The Insolvency Service is investigating the current bankruptcy debt threshold set for individuals. Currently, a creditor can petition bankruptcy if the debtor owes only £750, something which many believe is too low.
In fact, this threshold has not been moved in 28 years (which seems preposterous given inflation rates!). If it had been raised, then a substantial number of bankruptcies could have been avoided altogether
Not only does the government department want to increase the £750 threshold, it also wants to look into improvements on debt relief orders (DROs) – given to those who are particularly vulnerable financially and unable to pay debt back. The systems and how DROs are handled need to be reviewed so debtors have access to help when they need it the most.
R3 President, Giles Frampton, commented "This review is very welcome. R3 has called for DROs to be reviewed for some time and we are pleased the Insolvency Service is taking action. Although DROs are only a relatively new part of our personal insolvency landscape, personal debt issues move on so quickly that it is already time to look at them again".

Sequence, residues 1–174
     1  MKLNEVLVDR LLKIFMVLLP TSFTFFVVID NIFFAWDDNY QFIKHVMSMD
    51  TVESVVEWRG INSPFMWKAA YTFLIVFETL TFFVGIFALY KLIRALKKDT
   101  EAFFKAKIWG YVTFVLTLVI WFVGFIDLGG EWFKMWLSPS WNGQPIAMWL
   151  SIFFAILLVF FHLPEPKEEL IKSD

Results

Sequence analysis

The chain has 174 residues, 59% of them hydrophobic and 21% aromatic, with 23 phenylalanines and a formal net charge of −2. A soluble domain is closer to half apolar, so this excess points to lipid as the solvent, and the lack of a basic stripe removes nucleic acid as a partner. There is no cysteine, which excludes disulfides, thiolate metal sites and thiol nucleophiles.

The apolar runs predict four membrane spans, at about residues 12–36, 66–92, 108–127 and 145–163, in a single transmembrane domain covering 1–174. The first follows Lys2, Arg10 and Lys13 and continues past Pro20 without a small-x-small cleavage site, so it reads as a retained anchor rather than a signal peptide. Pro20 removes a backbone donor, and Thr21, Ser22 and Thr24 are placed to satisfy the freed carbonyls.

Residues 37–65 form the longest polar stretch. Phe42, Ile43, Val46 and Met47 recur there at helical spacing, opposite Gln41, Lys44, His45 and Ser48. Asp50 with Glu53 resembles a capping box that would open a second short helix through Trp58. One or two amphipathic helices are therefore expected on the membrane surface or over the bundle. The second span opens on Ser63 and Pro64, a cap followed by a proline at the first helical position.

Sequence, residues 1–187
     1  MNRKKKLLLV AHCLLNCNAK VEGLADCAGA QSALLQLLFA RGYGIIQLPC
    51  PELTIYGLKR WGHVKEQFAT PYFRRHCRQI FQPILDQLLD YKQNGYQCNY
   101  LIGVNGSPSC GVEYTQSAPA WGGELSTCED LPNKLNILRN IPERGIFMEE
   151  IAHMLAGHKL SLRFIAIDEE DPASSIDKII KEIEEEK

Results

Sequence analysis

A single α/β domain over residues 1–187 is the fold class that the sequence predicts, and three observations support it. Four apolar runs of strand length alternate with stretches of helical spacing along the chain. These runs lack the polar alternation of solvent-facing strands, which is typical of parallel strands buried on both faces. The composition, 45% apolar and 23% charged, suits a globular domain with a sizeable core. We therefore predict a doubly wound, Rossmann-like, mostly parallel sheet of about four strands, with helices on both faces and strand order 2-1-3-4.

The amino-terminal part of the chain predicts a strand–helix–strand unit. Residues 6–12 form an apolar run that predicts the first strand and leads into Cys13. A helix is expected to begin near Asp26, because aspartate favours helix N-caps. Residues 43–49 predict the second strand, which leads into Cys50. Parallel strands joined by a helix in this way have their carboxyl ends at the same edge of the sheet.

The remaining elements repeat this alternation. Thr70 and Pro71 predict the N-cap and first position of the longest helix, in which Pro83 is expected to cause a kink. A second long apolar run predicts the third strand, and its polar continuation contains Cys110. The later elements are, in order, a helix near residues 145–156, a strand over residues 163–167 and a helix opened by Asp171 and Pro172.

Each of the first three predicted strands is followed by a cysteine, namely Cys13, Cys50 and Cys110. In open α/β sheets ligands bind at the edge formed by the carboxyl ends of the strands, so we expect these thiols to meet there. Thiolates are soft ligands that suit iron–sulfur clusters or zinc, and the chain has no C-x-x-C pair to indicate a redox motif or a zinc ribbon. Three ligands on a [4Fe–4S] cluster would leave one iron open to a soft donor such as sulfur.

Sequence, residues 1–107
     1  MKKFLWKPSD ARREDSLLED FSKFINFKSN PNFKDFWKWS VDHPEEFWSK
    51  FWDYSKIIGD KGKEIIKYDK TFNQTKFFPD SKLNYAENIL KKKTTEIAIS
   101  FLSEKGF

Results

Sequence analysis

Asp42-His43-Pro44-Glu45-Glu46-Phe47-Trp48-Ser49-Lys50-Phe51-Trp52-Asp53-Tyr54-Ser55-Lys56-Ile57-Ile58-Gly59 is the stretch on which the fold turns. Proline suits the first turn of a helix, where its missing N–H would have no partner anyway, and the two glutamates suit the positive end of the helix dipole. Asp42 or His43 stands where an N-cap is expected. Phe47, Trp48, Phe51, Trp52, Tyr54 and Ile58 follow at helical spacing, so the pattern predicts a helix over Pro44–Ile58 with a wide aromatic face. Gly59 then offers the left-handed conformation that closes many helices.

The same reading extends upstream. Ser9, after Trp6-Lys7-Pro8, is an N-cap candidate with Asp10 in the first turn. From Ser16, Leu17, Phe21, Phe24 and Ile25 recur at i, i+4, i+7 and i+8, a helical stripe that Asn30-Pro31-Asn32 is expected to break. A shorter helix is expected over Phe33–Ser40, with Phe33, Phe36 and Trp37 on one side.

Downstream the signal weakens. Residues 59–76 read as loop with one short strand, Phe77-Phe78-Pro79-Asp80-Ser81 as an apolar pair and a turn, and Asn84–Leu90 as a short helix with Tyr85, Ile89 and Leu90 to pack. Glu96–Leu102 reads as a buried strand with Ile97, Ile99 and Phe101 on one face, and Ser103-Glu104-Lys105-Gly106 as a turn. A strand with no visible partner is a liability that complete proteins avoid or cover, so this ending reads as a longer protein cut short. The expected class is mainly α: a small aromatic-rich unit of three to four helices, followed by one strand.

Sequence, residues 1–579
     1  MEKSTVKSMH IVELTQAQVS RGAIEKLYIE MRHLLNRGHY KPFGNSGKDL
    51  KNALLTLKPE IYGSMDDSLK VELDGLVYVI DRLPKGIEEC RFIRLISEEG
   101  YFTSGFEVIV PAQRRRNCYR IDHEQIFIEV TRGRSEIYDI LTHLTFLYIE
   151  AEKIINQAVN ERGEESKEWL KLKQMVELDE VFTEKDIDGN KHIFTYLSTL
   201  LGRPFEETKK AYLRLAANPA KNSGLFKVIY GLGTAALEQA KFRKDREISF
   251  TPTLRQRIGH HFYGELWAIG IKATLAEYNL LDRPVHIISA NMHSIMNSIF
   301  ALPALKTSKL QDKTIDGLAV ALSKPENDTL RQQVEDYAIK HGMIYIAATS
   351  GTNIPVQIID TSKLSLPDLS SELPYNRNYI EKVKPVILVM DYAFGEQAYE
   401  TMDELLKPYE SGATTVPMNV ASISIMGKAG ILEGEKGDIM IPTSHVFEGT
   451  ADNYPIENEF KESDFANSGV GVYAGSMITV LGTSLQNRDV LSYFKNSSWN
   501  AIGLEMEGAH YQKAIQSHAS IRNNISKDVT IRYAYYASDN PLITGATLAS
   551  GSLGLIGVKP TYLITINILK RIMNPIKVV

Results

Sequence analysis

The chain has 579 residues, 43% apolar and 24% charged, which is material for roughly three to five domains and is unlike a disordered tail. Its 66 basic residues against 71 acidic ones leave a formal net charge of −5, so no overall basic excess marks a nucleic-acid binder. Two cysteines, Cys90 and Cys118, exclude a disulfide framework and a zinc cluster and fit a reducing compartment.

"We are particularly pleased that the creditors’ bankruptcy petition threshold is being looked at. This was last set in 1986 and an upwards revision is long overdue. £750 is far too low an amount of debt for somebody to be made bankrupt: were the threshold to have risen in line with inflation, it would be worth almost £2,000 now".
More information regarding this investigation can be found on the Government’s website.
UPDATE 15th January 2015: The government has now announced new rules for bankruptcy and DROs including the increase of the bankruptcy threshold from £750 to £5000 (a substantial amount)!
In addition, the maximum amount of debt to be covered by a DRO will increase from £15,000 to £20,000. Both changes will come into force from 1st October 2015.
Great news for individuals struggling to afford bankruptcy costs and who are in need of help. Many people can now avoid facing legal action for small sums of £750 and instead work towards improving their situation.